There was no convincing the kid that watching the great Helen St. James work had been mostly boring. “Oh, no it wasn’t,” she said with a smile.
“What did you just call me?”
For some reason, it seemed to fit. “Smitty, you’ll find out, believe me. Ain’t none of this nearly as exciting as it looks from the outside. Don’t get me wrong, it’s fun as hell. Even today. How many people have a profession where even when it’s not interesting, it still is? Just because of what you’re getting paid.”
“That doesn’t make sense.”
“Trust me. It will. This time next year, it’ll make perfect sense.”
She stubbornly was unconvinced, but let it go. Their drinks arrived. Sam had Southern Comfort, straight up with a beer chaser. He had his usual. They shared a plate of barbecued buffalo wings. And talked shop.
“So,” he said, “you doin’ some Jackson Browne, now. When I tried to get you to sing a cover, you—”
Sam flushed nearly crimson, cutting him off with a wave of her hand. “I know what I did, you don’t have to remind me. I acted like a total jerk.”
Yes, she had. But, since she copped to it, that would be bad manners, cruel even, for him to say so. “You acted…” he allowed, “young.”
Turned out, singing backup for and hanging out with Helen had done her some lasting good. Since all Helen did was covers. And tunes by songwriters nobody’d heard of. Lately, of course, established tunesmiths had started having their agents pitch her material.
Sam let him know she wasn’t crazy about how often he, Helen, and the rest of them referred to her age. She definitely didn’t like being called a kid, which happened on a fairly regular basis. Accordingly, she dismissed his reference to her age, saying, “Even a leopard can change its spots.”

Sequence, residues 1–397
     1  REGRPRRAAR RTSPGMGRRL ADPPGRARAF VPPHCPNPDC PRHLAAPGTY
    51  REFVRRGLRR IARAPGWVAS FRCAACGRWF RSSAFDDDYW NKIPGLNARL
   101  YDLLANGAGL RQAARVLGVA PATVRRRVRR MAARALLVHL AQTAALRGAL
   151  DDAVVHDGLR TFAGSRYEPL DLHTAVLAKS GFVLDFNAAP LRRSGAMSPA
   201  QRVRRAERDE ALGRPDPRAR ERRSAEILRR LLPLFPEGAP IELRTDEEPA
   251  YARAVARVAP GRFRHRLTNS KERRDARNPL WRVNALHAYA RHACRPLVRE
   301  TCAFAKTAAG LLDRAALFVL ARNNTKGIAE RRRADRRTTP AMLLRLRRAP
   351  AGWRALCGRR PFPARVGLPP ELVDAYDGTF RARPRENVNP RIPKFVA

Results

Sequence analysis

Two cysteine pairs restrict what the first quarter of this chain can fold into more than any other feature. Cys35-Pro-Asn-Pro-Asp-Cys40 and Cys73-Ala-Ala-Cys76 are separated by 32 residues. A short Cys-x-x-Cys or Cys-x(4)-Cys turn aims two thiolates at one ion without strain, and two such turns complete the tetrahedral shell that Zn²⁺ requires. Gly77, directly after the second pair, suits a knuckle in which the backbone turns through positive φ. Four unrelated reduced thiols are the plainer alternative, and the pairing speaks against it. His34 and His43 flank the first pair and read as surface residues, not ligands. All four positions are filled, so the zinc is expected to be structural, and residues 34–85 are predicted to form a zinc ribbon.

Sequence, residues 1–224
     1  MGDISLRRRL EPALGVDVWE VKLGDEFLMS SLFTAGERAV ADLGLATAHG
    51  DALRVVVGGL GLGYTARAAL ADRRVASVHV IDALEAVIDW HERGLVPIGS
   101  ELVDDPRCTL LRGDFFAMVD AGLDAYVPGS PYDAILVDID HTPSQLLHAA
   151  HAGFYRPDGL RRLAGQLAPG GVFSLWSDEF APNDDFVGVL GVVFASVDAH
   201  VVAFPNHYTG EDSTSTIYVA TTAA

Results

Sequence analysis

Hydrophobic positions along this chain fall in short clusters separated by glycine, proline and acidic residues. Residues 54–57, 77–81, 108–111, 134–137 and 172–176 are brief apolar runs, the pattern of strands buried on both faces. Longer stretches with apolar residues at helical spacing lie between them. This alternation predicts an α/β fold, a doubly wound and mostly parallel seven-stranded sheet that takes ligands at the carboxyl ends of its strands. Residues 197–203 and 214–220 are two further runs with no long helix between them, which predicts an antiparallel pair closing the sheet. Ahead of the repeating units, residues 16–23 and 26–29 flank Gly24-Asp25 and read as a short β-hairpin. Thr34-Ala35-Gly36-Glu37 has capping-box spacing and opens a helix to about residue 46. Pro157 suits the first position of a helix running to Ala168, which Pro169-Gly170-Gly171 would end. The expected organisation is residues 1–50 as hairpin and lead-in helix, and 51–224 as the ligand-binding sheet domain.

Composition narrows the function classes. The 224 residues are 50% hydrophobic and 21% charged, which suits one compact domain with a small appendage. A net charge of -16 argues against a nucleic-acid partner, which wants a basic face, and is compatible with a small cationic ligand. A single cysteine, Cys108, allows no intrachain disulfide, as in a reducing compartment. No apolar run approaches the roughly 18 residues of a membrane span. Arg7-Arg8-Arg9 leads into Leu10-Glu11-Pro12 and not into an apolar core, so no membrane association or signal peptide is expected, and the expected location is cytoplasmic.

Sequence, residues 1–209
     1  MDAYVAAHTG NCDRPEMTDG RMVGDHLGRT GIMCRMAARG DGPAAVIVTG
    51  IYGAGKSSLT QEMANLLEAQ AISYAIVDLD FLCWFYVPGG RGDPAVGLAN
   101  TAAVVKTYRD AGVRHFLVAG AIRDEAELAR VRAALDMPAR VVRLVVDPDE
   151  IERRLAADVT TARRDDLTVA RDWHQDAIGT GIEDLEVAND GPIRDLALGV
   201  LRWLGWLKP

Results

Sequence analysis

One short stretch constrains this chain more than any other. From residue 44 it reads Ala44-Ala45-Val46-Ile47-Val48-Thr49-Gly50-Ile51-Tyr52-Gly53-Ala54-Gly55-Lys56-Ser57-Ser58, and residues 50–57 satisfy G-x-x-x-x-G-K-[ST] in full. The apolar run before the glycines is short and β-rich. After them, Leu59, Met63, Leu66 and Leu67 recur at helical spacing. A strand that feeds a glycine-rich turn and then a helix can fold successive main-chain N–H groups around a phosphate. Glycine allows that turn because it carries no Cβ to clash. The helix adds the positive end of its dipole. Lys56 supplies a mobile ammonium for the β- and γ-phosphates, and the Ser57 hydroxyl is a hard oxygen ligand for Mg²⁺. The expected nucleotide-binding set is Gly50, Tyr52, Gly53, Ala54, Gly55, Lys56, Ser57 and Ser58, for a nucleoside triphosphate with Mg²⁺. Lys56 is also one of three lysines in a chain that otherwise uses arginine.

He raised his glass. “Here’s to changing spots.”
She raised hers. “Here’s to it.” Adding, “And to Mr. Keith Jackson.” Then, gave him a dazed, dreamy grin with those gorgeous green eyes. He got ready to field and fend off an illicit innuendo. She surprised him with a perfectly innocent, “I wouldn’t be here if it weren’t for you.”
“I wouldn’t. I’d be one of I don’t know how many music school graduates trying to beat each other out for a job they don’t even want in some dry old orchestra.” He cracked up.
She had to smile, too, continuing, “If there’s ever any way I can properly thank you…” She winked. It was an innocent, friendly wink. “Just let me know. Really.” Then she leaned over and gave him a peck on the cheek. “Thank you, Keith.”
“And it’s okay if you call me Smitty. I don’t think I ever had a nickname.” They went on having a very pleasant conversation and getting seriously oiled. Once in a while, they got up and danced. Mostly, they sat talking until she looked at him kind of cross-eyed and said, “Well, are we gonna catch a cab back to the hotel?” At which point, he realized she clearly had had at least one or two too many.
He called Taraji’s twin over, signed for the tab, and reminded Sam, “We’re at the hotel, girl.”
“Oh, that’s right,” she giggled. He saw her to her room and then found his way to his.
Next week: Mensah’s out, Yohannes in.
Dwight Hobbes welcomes reader responses to P.O. Box 50357, Mpls., 55403.